Jan. 6 needs to be seen against the backdrop of the broader global crisis of liberal democracy. According to Freedom House’s 2021 Freedom in the World report, democracy has been in decline for 15 straight years, with some of the largest setbacks coming in the world’s two largest democracies, the United States and India. Since that report was issued, coups took place in Myanmar, Tunisia and Sudan, countries that had previously taken promising steps toward democracy.”

Prosecutors Move Quickly on Jan. 6 Cases, but Big Questions Remain – The New York Times

“By almost any measure, the criminal investigation of the Jan. 6 attack on the Capitol is a prosecutorial effort of unparalleled complexity and scope.

For an entire year, federal agents in almost every state have been poring over mounting stacks of tipster reports, interviews with witnesses, public social media posts and private messages obtained by warrants. They have also collected nearly 14,000 hours of video — from media outlets, surveillance cameras and police-worn body cameras — enough raw footage that it would take a year and a half of around-the-clock viewing to get through it.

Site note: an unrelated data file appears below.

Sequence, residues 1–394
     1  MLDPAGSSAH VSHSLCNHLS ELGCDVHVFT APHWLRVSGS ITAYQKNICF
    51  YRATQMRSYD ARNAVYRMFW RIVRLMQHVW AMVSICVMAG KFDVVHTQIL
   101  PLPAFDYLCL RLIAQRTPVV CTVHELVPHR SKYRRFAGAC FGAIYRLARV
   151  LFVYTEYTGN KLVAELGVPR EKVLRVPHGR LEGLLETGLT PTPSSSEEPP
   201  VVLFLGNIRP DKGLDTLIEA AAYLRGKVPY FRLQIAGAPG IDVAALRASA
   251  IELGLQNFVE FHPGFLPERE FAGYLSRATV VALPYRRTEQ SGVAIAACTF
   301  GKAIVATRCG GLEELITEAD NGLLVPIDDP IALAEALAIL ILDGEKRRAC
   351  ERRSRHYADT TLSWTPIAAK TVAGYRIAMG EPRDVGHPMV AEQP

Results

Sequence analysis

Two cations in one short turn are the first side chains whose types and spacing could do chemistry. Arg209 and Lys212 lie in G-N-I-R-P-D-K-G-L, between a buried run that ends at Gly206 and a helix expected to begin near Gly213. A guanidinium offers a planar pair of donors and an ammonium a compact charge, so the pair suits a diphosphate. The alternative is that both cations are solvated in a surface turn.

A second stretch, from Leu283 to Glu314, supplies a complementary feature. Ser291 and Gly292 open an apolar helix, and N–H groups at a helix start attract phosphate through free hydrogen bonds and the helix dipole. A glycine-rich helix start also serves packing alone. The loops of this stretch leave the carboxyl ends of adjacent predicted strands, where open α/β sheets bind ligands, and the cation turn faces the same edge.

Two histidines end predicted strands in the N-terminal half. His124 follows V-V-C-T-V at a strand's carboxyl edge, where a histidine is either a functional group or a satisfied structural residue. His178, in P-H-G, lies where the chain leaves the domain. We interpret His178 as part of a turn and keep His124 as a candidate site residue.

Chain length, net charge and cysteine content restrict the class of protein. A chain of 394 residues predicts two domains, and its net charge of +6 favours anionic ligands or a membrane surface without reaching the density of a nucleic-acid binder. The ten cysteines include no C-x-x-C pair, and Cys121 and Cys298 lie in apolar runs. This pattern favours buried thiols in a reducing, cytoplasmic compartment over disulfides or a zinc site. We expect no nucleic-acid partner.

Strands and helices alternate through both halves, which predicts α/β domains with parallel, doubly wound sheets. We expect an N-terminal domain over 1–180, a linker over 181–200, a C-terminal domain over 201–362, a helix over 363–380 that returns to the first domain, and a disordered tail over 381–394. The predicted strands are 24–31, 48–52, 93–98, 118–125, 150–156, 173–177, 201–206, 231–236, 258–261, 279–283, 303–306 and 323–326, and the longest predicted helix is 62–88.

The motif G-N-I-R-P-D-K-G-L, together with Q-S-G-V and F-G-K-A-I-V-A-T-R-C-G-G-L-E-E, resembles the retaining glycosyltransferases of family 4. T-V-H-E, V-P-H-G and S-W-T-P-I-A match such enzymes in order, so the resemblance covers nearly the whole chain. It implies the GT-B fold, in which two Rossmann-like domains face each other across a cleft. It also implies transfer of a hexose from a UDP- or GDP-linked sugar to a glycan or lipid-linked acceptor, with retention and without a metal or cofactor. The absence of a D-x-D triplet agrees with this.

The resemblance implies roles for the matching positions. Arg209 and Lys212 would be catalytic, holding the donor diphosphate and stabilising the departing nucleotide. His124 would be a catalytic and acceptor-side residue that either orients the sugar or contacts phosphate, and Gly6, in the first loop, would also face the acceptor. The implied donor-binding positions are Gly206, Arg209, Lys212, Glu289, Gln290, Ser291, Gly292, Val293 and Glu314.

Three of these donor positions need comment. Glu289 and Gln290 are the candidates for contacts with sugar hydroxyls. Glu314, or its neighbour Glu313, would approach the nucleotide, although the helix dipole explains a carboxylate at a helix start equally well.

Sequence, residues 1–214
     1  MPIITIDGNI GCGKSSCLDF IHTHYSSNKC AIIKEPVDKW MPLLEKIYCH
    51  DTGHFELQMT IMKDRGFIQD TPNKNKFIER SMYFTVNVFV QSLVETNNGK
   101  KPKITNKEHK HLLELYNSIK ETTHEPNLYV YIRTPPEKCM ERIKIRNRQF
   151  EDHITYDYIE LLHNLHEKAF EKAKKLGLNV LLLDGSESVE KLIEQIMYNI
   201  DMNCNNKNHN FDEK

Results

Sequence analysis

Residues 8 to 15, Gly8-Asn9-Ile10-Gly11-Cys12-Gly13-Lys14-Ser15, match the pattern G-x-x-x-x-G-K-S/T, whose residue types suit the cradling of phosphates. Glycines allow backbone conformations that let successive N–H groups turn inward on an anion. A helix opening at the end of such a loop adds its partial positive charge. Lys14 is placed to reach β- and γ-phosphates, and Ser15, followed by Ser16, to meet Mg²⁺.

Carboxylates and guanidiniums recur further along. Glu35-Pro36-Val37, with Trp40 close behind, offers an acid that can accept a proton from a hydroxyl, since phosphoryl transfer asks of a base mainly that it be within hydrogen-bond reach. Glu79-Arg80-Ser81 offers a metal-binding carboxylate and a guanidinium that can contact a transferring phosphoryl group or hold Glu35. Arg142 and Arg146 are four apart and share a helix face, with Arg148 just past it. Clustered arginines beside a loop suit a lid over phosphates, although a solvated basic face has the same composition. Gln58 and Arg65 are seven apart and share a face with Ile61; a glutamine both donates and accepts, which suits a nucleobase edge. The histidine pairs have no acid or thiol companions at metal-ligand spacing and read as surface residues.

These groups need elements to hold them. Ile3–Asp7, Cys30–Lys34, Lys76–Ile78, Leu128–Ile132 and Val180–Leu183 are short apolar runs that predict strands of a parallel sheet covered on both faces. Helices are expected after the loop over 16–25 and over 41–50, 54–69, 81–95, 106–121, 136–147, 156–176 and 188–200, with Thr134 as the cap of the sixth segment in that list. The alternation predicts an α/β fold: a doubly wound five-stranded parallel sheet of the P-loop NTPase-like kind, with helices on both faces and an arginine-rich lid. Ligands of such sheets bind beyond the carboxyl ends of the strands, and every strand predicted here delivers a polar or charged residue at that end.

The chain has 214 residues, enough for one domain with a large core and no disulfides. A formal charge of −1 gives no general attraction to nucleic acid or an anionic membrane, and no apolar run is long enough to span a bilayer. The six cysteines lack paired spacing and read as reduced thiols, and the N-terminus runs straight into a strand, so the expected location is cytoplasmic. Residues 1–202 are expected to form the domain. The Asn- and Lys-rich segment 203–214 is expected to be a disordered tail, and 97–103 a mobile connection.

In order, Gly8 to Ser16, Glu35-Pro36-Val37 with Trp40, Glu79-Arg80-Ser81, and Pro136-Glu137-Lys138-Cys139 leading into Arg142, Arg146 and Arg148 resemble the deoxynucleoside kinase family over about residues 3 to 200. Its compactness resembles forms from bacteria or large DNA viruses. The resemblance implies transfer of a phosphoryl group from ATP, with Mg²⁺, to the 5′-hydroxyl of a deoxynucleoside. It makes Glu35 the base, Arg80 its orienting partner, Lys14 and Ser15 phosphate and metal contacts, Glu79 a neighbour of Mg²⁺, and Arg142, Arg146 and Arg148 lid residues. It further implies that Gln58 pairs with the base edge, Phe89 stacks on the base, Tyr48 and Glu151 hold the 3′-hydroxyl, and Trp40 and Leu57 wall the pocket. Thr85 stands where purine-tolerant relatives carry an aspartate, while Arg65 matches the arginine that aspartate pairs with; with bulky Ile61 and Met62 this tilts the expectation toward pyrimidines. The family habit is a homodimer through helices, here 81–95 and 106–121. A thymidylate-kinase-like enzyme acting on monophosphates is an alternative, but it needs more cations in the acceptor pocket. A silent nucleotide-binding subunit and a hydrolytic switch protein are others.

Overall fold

While the Justice Department has called the inquiry one of the largest in its history, traditional law enforcement officials have not been acting alone. Working with information from online sleuths who style themselves as “Sedition Hunters,” the authorities have made more than 700 arrests — with little sign of slowing down.

The government estimates that as many as 2,500 people who took part in the events of Jan. 6 could be charged with federal crimes. That includes more than 1,000 incidents that prosecutors believe could be assaults.”